March 22, 2012 Women with Lyme disease display more clinical symptoms than do men with the disease and also are less likely to seroconvert following treatment, according to findings from a prospective cohort study involving 77 patients.
Numerous symptoms were reported more often by the 37 women in the study than by the 40 men. For example, significantly more women than men reported joint pain, muscle pain, headache, back pain, heart palpitations, nausea, vomiting, anxiety, numbness and tingling, and changes in vision during at least one of six preplanned study visits with a physician, Lauren A. Crowder, M.P.H. reported in a poster at the International Conference on Emerging Infectious Diseases.
Joint pain, heart palpitations, nausea, vomiting, and changes in vision were reported significantly more often by women at two of the six visits, and headache was reported significantly more often by women at four of the six visits.
"The second preliminary finding we observed in our cohort of patients was that women were less likely to seroconvert on the antibody tests for serodiagnosis of Lyme disease," Ms. Crowder of the Lyme Disease Research Foundation, Lutherville, Md., said in an interview.
At the initial study visit, a similar proportion of men and women (about 60% of each) tested negative for Lyme disease using the Centers for Disease Control and Prevention’s recommended two-tier testing criteria for serodiagnosis. However, at the second visit, which was performed immediately post treatment, 70% of women who tested negative at the first visit remained negative, compared with only 35% of the men who initially tested negative.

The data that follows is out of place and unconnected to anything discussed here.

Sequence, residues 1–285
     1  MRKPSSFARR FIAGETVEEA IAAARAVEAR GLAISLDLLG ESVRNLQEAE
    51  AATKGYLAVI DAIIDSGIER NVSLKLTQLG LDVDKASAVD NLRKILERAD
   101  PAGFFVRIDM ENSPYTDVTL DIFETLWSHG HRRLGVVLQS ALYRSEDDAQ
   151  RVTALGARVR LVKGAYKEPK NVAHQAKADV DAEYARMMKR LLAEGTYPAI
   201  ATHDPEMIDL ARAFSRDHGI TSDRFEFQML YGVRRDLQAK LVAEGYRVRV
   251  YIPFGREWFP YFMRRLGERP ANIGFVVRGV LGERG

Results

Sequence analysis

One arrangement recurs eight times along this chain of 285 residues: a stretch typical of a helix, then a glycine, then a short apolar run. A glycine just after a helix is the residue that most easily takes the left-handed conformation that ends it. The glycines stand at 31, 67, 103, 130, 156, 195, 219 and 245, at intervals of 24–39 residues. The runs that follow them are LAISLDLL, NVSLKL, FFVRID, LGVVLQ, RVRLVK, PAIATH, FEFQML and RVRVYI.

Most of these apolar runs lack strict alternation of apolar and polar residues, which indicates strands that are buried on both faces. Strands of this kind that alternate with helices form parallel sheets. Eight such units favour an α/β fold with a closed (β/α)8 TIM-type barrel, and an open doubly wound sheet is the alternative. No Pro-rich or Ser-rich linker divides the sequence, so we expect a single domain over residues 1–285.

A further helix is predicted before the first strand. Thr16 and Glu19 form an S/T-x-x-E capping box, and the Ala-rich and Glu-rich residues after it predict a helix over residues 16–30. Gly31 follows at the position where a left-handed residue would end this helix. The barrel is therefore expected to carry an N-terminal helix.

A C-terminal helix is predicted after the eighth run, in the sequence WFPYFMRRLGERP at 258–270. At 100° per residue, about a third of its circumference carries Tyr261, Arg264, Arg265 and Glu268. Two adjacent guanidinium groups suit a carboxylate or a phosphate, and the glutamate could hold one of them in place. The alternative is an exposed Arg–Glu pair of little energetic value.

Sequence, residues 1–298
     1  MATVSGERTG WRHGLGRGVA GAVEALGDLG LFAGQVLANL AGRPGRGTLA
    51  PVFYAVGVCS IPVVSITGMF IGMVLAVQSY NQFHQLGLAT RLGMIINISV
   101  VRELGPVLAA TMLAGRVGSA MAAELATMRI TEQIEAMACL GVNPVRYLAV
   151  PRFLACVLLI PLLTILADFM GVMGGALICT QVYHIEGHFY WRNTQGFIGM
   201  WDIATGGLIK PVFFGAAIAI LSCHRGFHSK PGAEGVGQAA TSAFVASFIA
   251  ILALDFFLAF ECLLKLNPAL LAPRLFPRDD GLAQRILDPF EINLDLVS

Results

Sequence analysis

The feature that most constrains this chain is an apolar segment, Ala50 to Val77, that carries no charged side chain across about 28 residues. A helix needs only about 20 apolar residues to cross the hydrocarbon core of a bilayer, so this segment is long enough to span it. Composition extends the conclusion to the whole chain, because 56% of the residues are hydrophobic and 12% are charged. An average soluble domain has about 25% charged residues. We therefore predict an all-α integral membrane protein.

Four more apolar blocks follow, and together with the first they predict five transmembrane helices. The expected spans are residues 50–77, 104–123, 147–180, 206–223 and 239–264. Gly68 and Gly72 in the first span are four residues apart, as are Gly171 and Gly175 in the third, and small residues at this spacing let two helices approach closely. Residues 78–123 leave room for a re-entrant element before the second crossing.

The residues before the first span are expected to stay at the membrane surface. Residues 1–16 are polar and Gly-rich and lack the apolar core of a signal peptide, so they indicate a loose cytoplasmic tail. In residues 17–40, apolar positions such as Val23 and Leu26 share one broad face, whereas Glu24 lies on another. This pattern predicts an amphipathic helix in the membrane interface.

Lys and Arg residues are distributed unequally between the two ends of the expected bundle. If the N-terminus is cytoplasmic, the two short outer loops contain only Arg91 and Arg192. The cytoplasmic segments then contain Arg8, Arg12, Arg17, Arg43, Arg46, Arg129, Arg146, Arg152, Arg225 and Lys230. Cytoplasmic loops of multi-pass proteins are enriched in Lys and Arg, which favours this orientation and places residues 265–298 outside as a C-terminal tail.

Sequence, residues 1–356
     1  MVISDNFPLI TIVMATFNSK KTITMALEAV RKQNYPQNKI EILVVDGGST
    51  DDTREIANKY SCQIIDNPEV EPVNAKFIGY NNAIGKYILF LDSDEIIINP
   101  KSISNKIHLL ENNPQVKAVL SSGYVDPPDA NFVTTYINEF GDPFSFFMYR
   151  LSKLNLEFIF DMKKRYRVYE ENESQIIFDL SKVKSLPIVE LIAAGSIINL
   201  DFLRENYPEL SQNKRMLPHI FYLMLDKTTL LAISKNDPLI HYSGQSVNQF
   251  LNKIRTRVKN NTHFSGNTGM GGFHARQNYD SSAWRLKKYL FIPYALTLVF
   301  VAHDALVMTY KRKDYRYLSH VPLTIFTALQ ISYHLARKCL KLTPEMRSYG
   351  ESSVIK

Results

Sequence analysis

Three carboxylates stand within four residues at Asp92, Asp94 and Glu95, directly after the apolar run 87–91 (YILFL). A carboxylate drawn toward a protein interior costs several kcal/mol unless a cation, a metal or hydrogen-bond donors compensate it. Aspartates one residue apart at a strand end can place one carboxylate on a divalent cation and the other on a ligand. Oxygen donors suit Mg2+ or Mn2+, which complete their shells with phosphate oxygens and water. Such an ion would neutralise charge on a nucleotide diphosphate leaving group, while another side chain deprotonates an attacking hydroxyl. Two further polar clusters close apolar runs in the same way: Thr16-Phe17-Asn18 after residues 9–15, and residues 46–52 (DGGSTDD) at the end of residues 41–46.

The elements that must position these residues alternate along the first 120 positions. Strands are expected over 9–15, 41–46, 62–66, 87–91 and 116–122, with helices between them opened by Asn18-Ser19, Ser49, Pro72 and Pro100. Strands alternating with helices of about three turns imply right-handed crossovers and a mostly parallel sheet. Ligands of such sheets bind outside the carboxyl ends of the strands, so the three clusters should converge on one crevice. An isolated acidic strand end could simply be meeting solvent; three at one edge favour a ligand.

Additionally, polychromatic flow cytometry performed on patient samples indicated that women had significantly higher frequency of CD4+CCR5+ T-cells prior to treatment than did men (mean of 9.82% vs. 5.96%).
"These findings suggest to us that there may be a difference between how men and women respond to infection with Lyme disease. One hypothesis for these differences is that there may be an immunological variation in response to Borrelia burgdorferi, the bacterial infection that causes Lyme disease, between men and women," Ms. Crowder said.
Study participants had early, untreated erythema migrans and clinically confirmed Lyme disease. At the first of the six study visits, they were tested using the CDC criteria by a commercial laboratory. All were treated with 3-week course of doxycycline and were then followed for up to 2 years. At each study visit, participants underwent a physical examination and interval history, reported clinical symptoms and completed self-administered surveys, and underwent repeat laboratory evaluations.
The findings highlight a need for additional research on sex-based differences in the effects of early Lyme disease. Such differences have been seen in other infectious disease, but have not been thoroughly explored in early Lyme disease, Ms. Crowder noted.
Such study is important given that Lyme disease is the most common vector-borne infectious disease in the United States. Although most patients recover from acute infection with proper antibiotic treatment, a subset of patients develop Post-Treatment Lyme Disease Syndrome. The CDC defines this syndrome as involving lingering symptoms of fatigue, pain, or joint and muscle aches. In some cases, these can last for more than 6 months.
"We will continue to explore these suggested differences both in this cohort and in future research studies," she said.
Ms. Crowder also stressed the importance of encouraging patients to look for ticks if they live in Lyme endemic areas.
This study was supported by the Lyme Disease Research Foundation. Ms. Crowder had no disclosures to report.
Source: familypracticenews.com by Sharon Worcester